Series Preview: Detroit Tigers

CLEVELAND, OH: Starting pitcher Justin Verlander #35 of the Detroit Tigers pitches during the second inning against the Cleveland Indians at Progressive Field in Cleveland, Ohio. (Photo by Jason Miller/Getty Images)

Back at .500, once again, and now here comes a series against the second place team in the AL Central, the Detroit Tigers. In addition to that standing, the Tigers are also one game back of a wild card spot, or, from Boston's point of view, three games up on the Red Sox. This series, like the previous two against potentially playoff-bound clubs, represents a great chance for Boston to either make some needed progress, or dig a deeper hole for themselves.

Even better, this series starts up one day before the trade deadline, with the second contest just three hours after that threshold. Whether Boston will be closer or further out from their goal before the deadline will be determined Monday night, although whether that will cause them to lean one way or the other is a lot less obvious.

Game 1: Max Scherzer (116-1/3 IP, 3.3 K/BB, 93 ERA+) vs. Clay Buchholz (107-2/3 IP, 1.9 K/BB, 88 ERA+)

Game 2: Justin Verlander (155-2/3 IP, 4.1 K/BB, 160 ERA+) vs. Josh Beckett (108-1/3 IP, 2.8 K/BB, 95 ERA+)

Game 3: Rick Porcello (116-1/3 IP, 2.3 K/BB, 91 ERA+) vs. Aaron Cook (40 IP, 1.0 K/BB, 97 ERA+)

Scherzer and Buchholz both started out poorly, but, just like the story you know about Clay Buchholz, Scherzer has been much better since May. Over his last 15 starts, Scherzer owns a 3.62 ERA, despite allowing 1.5 homers per nine. Everything else has been working out for him, though, as he's punched out 11.3 per nine in that stretch, and against 2.9 walks per nine. The homers can be a problem, though, for a lineup who can put enough men on base, and the Red Sox are capable of that.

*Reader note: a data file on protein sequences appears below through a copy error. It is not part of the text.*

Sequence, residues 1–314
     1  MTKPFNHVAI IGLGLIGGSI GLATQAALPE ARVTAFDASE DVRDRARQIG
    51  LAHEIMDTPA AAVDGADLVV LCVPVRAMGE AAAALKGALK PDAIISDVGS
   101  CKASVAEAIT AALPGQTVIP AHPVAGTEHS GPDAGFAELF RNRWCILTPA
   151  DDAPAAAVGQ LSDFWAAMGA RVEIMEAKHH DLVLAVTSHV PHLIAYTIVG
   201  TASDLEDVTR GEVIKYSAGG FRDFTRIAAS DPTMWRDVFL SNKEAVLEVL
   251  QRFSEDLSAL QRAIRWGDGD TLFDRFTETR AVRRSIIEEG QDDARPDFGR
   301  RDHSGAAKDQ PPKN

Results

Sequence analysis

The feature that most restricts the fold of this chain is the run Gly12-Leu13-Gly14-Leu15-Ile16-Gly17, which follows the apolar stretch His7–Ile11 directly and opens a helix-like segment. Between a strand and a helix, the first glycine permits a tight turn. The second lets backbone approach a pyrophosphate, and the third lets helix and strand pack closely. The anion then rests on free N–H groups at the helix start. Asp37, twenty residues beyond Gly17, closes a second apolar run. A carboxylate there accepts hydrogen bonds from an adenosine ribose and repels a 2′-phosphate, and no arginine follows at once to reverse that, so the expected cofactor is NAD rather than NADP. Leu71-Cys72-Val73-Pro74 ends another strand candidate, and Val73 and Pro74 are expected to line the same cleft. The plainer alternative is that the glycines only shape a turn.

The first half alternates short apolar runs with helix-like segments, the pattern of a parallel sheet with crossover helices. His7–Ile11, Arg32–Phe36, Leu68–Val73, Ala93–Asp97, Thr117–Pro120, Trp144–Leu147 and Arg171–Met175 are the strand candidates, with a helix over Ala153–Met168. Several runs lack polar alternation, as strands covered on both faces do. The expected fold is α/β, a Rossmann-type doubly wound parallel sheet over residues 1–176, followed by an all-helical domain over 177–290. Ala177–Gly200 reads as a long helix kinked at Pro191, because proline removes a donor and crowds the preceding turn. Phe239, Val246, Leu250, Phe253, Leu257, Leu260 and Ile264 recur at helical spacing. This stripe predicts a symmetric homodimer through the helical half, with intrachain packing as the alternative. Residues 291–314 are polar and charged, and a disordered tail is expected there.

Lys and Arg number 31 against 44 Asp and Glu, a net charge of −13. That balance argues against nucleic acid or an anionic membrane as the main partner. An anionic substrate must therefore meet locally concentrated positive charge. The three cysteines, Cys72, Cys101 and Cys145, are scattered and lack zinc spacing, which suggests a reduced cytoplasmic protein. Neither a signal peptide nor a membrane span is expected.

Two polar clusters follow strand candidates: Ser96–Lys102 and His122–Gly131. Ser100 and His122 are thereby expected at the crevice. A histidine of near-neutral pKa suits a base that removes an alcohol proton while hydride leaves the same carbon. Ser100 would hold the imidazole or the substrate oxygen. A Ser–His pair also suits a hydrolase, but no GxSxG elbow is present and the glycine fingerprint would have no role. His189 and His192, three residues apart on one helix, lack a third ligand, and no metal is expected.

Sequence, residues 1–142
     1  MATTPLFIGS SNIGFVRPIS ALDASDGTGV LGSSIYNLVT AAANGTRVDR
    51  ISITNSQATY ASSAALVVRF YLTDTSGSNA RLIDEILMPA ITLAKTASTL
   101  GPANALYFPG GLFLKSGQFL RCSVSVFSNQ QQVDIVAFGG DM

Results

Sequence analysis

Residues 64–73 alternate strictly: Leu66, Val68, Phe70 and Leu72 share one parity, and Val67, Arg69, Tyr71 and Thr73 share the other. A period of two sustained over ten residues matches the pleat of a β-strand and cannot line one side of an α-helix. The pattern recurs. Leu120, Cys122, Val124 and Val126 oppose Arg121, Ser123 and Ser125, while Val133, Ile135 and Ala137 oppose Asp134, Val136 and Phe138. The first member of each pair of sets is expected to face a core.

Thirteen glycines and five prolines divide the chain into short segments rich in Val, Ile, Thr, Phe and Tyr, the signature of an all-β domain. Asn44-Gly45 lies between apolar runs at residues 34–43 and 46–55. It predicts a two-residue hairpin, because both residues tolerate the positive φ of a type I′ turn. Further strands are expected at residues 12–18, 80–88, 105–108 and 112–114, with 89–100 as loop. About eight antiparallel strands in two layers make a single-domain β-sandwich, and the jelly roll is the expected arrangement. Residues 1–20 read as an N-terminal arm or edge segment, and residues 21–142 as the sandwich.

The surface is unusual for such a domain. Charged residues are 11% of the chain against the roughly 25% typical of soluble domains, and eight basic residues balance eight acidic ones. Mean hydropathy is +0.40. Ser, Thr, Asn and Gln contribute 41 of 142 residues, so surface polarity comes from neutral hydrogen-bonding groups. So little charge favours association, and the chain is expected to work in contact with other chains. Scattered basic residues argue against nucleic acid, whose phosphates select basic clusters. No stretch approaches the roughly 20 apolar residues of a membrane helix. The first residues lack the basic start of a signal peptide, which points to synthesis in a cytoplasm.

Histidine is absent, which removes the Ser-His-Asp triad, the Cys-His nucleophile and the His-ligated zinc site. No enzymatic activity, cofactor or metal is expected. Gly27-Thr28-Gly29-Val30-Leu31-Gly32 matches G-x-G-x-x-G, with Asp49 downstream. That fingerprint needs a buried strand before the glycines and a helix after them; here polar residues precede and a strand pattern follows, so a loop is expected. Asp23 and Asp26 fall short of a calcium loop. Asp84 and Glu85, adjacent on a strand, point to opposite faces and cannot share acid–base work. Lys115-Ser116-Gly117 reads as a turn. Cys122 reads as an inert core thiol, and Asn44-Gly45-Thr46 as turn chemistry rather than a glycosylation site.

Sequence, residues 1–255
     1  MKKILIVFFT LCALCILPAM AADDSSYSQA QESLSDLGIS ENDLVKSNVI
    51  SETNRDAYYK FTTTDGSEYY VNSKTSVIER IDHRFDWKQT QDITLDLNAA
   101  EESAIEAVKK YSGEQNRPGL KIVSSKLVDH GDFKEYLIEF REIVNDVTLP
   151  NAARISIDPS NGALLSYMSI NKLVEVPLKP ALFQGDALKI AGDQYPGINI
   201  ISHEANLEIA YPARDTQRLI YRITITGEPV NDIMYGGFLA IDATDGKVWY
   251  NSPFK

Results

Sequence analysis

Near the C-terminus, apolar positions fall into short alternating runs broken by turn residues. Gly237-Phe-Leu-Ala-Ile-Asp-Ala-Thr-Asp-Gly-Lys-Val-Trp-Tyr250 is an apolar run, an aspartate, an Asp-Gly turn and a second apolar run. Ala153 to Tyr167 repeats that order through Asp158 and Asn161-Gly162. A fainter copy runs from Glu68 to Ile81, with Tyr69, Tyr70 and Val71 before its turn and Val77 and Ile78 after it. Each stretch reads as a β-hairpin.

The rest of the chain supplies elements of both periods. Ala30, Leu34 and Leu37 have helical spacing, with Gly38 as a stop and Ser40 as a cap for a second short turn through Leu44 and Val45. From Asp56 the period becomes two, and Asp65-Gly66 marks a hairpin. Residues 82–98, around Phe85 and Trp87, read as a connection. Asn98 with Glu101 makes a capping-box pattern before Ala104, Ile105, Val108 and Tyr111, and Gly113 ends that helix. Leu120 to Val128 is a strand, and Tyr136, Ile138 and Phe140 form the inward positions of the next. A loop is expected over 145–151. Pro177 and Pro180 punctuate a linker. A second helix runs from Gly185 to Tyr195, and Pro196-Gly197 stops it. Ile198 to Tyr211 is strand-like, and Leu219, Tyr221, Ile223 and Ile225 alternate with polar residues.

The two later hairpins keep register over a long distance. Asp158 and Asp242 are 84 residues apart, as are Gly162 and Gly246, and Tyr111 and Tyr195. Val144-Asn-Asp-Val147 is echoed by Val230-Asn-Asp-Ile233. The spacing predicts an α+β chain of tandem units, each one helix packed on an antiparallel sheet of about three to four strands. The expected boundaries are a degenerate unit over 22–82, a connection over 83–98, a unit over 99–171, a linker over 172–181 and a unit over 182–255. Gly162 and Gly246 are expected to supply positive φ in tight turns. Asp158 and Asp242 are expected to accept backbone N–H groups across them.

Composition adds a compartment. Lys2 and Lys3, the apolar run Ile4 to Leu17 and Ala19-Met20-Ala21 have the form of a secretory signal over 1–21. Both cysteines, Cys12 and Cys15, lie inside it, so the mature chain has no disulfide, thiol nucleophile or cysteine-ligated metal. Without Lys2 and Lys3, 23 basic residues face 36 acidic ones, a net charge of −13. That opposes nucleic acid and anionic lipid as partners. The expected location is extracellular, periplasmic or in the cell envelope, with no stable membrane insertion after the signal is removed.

Justin Verlander is pretty good at baseball, if you hadn't heard. He'll be facing Josh Beckett, who, according to both local and national beat writers, isn't likely to be dealt despite Boston's hopes of netting something for him. But hey, it's the day before the trade deadline: who knows what will happen by the time Beckett is supposed to be on the mound.

Rick Porcello against Aaron Cook is the match-up of who can get the most outs via the ground ball. Porcello needs more strikeouts to be of more use to the Tigers, but he looks like Randy Johnson compared to Aaron Cook these days. Cook is just below one strikeout per nine, and succeeding entirely due to a walk rate that mirrors that.

If the Red Sox can win this series, they'll be in a good place, as they get a four-game series against the Twins before having to face potentially playoff-bound teams again. They'll have to deal with the TIgers' potent lineup -- anchored by Miguel Cabrera, who has hit .332/.401/.653 over the last two months -- to get there, though, and while Boston has its own strong 1-to-9 each night, they also don't have Justin Verlander taking the mound for them in one of the three contests.

This is an important series, and while the outcome of Monday's contest won't necessarily sway the entire direction of the team's plans for the trade deadline, the three-game set itself could have major implications for the rest of the year.

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